Yak Manufacture

Yaks are native to Tibet and survive in the high altitude parts of the country.

Yaks can either by killed for their hide, or the shaggy hair can be shorn and used as wool. Once the hide has been extracted, it can be processed like any other leather. The leather produced is very similar to that of cattle as the yak is similar to the bull or ox.

The leather that is produced from the Yak is usually a by-product of the meat Industry. Yaks also provide Milk, much like other cattle. By 1990 a real effort was made to stabilise and increase the population of Yaks.

Today Yaks are an endangered species and the hunting and killing of them is severely restricted, if not completely illegal in many places. The population of Yak decreased rapidly during the time between the middle ages and the 1970’s. By 1970 the Yak was thought to be almost extinct .

Properties of Yak

  • Large hides so larger garments can be produced
  • Warm to wear
  • Strong, durable leather is produced
  • Very thick
  • Can be hairy but this is usually removed
  • Flexible
  • Breathable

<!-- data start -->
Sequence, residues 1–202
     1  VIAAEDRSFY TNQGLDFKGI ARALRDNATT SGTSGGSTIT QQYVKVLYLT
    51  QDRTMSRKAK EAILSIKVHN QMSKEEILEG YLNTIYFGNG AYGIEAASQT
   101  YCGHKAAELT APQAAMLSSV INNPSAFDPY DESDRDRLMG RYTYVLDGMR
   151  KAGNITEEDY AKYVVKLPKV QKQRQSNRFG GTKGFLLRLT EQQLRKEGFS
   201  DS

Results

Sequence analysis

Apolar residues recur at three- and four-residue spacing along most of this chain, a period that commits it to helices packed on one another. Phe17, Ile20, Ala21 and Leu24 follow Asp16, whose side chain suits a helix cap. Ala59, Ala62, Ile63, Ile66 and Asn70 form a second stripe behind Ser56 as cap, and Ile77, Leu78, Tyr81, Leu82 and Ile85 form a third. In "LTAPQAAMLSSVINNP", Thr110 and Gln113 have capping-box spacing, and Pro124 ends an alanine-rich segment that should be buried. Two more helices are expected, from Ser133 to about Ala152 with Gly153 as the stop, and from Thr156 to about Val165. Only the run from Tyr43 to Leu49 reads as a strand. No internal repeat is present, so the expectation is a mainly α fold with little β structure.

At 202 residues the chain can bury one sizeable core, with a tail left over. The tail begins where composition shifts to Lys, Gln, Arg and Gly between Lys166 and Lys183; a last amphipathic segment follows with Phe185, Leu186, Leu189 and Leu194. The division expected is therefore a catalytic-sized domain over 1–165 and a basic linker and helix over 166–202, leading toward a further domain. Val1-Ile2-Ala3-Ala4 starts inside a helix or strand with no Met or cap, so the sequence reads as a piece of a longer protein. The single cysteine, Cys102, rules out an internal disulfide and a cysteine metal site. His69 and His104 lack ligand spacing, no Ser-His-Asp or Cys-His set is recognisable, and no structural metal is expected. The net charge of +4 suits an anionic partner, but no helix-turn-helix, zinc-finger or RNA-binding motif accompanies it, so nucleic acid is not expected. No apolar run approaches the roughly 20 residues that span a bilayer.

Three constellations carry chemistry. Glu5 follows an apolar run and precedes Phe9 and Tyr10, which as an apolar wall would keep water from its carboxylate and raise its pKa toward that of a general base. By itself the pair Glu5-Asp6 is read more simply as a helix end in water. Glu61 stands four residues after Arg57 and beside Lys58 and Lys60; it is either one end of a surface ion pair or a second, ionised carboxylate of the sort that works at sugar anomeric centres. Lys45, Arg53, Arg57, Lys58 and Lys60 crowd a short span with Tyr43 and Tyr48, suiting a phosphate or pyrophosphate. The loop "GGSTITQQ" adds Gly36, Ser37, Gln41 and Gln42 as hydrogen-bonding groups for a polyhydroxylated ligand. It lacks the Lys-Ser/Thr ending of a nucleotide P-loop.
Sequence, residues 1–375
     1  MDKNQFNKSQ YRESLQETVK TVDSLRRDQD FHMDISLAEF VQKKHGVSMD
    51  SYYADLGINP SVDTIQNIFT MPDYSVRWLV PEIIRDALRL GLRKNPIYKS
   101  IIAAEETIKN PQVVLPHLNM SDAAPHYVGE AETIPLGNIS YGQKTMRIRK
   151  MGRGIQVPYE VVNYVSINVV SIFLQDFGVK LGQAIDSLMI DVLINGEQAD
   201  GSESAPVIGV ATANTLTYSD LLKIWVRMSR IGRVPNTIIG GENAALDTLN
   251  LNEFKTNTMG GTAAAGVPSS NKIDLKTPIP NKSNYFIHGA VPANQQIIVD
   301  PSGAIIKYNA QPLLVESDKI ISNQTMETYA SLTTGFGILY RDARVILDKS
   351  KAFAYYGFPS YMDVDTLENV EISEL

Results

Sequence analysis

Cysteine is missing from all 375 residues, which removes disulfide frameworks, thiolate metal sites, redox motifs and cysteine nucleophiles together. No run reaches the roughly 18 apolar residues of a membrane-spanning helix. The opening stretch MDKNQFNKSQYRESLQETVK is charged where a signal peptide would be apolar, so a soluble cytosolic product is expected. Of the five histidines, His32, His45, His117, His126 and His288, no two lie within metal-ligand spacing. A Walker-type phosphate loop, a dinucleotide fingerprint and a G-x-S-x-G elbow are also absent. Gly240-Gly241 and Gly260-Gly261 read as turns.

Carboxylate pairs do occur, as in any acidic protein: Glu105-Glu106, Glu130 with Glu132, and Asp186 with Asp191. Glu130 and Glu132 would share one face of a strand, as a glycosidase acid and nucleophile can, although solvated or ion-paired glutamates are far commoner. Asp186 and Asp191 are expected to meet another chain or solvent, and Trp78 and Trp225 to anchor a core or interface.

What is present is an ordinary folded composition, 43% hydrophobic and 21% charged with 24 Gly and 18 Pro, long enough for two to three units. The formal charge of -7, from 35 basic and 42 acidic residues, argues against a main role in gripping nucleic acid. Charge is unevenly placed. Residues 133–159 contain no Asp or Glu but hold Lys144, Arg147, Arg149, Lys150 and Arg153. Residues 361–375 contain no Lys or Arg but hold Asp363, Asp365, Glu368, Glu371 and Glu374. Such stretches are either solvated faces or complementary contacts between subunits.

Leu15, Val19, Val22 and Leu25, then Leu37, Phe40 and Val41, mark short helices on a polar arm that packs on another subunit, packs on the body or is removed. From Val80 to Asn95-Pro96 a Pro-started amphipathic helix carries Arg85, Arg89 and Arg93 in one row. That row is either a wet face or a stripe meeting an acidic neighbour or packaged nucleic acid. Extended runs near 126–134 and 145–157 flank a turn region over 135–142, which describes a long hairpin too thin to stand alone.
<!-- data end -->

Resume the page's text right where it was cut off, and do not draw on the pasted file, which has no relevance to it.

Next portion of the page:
• Supple
  • Comfortable to wear
  • Can be either dyed or left its natural colour
  • Lasts 5 times as long as fabric
  • Resistant to sun and heat damage
  • Leather is quite often full of imperfections because of the hard lives they lead

Uses of Yak in Fashion Past and Present

  • Was used by the locals in Tibet to make clothing
  • Clothing
  • Footwear
  • Bags
  • Purses
  • Boots

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Written by Kelly Mitchell

Kelly Mitchell, extremely competent and reliable, she is currently in her third year at the University of Lincoln UK, studying Fashion. Kelly is responsible for the Fabrics, Fibers and Leathers sections of our Dictionary

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